After 27 of driving both local and long haul (cost to cost) with no Citations, Violations or Accidents in a CMV.
I am all in on ELD’s. I’ve used them for the last 10 years and because of experience with them and my Safety Record. The company I now work for asked me to come into the Safety Department last year to help with the transition. The 40 plus drivers that I now manage and help at first complained but, now tell me that they are getting more rest for the same pay. So the only thing that I can see that needs to be addressed is Driver’s Pay first and fore most, Then Detention Time and poor planing by dispatch.
Shippers and Receivers Still don’t care how long they hold a driver for and then Dispatch still make promises that their load will be there Yesterday! Then Driver’s are told to get it done or lose your job!
With the Driver shortage growing. Drivers have to understand that they now have control.
Demand Higher Pay for a 14 hour day. Work smarter not harder. Driver should be paid for every mile they drive and every minuet they wait Period!
Keep the ELD’s the days of lying on paper are over. I know I will get a lot of sh!t for this from older drivers, which I am one of but, to them I say Look at your Drivers License. Does your Company’s name appear on it.
That is the only true resume you have so protect it. Your name is always first to appear on a Citation and your personal CSA score takes a hit. Think about it! DRIVERS ARE IN CONTROL, DRIVERS ARE IN CONTROL, DRIVERS ARE IN CONTROL.
Thanks for letting me vent.

My humble suggestion would be Keep the ELD’s, we have a 14 hour work day so keep the 1/2 hour break before 8 hours of on-duty/drive time but the other 2 and a half hours remaining on the work day can be either used for on-duty time, pre/post PTI’s, or driving time. It will be up to the driver and company’s to better utilize the on-duty time. Some day’s I pick up a preloaded trailer and go…..not much on-duty time lost, other day’s the loaders and loading company just suck and keep me there for one, two, or three hours (Wal.-Mart comes to mind). But on many day’s I have more on-duty time remaining vice driving time. So just shift any left over on-duty time to driving time. I could really use it and it won’t take me beyond the 14 hour work day. Either that or just call us intern’s like at a hospital and work us 28 hours a day because fatigue is not a factor at hospitals and apparently human life is cheap there.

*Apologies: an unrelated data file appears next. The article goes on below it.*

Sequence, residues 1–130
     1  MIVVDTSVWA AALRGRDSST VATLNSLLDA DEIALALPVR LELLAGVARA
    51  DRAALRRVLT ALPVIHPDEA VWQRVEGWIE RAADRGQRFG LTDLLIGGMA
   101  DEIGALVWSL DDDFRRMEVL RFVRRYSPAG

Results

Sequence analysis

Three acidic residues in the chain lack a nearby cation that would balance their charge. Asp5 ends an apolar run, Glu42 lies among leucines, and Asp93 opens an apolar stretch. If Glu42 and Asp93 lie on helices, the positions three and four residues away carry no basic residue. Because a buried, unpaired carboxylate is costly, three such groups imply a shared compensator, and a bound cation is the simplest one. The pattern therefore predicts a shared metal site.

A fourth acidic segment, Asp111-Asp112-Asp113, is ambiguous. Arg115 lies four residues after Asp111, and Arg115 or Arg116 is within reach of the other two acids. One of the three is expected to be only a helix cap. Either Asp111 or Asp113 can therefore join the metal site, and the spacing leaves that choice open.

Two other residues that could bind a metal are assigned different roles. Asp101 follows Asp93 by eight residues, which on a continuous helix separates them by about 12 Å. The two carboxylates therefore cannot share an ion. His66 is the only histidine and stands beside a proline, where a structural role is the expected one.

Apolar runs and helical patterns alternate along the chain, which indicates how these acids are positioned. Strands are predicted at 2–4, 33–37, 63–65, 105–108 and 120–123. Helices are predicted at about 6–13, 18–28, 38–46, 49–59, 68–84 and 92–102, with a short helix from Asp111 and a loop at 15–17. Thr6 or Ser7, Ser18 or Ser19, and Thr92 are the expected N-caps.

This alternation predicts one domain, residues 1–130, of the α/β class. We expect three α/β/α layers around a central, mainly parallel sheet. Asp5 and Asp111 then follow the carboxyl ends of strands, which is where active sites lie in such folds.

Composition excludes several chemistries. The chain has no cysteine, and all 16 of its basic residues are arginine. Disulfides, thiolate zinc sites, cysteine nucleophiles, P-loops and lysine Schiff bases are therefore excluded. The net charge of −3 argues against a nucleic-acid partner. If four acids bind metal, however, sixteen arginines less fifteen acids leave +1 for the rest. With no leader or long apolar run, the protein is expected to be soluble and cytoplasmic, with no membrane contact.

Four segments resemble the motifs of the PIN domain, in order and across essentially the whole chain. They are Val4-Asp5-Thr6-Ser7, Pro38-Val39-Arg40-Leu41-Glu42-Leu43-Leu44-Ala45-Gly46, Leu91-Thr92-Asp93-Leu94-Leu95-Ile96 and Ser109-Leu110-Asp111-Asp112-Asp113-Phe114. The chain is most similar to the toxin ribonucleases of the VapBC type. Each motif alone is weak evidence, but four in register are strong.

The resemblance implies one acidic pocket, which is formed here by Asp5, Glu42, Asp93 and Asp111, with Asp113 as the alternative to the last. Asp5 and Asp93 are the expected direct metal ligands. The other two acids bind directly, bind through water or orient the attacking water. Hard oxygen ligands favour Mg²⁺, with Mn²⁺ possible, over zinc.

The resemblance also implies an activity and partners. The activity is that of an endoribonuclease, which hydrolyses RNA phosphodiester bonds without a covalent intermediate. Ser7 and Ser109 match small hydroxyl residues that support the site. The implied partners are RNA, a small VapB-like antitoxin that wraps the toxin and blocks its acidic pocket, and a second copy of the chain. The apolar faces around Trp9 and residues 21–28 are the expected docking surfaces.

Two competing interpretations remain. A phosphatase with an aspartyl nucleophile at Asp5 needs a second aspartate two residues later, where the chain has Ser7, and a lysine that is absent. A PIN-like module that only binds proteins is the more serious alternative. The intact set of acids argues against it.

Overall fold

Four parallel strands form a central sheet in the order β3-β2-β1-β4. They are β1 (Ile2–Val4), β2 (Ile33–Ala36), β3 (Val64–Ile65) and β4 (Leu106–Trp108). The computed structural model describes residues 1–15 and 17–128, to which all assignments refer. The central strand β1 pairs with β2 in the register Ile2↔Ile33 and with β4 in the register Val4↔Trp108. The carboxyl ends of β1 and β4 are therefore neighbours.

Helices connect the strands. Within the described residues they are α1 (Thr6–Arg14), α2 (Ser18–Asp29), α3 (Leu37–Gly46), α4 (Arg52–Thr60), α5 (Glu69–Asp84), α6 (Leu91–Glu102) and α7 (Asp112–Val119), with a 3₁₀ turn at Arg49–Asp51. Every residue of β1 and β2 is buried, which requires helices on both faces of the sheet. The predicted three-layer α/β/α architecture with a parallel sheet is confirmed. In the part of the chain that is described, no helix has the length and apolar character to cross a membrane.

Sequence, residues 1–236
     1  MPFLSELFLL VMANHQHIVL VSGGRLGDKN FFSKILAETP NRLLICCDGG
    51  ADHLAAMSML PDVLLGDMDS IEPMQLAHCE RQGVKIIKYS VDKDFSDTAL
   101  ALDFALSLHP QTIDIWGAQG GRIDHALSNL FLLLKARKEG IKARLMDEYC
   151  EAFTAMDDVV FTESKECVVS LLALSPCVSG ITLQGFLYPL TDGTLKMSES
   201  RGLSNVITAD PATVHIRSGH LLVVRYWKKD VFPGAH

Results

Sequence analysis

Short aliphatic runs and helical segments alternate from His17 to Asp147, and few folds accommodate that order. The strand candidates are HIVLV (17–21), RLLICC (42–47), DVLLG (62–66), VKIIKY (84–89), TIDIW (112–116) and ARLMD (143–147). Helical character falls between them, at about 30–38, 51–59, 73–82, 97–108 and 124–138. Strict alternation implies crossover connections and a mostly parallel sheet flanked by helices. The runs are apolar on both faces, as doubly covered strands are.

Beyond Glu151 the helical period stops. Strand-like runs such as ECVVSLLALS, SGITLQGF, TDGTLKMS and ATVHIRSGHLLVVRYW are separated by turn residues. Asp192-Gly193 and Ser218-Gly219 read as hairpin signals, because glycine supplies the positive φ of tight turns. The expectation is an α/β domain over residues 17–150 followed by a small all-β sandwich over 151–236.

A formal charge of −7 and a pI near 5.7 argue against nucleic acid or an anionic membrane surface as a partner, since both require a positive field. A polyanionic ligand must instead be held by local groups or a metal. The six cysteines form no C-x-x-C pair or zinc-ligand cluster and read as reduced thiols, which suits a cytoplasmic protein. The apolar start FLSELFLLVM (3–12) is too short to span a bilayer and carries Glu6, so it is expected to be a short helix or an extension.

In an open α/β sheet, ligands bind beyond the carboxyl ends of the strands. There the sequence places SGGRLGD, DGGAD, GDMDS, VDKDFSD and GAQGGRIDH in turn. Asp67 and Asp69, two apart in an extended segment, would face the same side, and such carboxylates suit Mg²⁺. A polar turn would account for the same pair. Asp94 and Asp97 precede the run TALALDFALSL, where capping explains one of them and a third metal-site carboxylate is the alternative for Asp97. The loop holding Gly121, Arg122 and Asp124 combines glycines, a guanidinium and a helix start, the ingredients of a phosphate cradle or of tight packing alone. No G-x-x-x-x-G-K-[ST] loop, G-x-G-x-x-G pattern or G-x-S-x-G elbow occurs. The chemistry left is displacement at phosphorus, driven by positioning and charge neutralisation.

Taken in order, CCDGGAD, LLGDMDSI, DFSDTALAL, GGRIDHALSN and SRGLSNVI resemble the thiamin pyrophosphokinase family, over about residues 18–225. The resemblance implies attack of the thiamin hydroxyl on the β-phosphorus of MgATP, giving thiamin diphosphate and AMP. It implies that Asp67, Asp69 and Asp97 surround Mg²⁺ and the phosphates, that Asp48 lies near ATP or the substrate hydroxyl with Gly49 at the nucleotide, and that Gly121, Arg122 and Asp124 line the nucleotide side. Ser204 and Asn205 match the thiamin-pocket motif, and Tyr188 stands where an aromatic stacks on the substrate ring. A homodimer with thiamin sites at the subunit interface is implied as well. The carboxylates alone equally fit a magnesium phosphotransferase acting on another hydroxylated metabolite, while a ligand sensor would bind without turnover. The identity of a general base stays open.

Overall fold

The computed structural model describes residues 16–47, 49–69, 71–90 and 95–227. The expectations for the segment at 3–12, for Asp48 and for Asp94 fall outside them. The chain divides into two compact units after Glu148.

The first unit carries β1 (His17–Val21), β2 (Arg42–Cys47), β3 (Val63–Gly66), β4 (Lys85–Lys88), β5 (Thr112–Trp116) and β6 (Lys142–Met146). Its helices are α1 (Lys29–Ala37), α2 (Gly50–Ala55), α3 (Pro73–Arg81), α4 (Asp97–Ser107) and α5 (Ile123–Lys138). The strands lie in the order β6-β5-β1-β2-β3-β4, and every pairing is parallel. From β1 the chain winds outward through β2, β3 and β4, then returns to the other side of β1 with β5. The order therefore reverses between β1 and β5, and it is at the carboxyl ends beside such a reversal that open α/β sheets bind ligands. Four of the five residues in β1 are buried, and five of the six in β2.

It would be very helpful to have an extra 2 hours for the work day in case of adverse conditions, for many truck drivers 14 hours is barely enough to get the job done. I used to be fine with the 30 min mandatory break but sometimes it makes it harder to stop and take a quick break because I don’t want to wait so long to stop for lunch, or some other delay causes me to take a 30 min break too early and then I can’t stop until I get to my destination, or I’ll need another 30 min break and then my 14 will run out and I can’t make it to my destination, which is very frustrating and not healthy.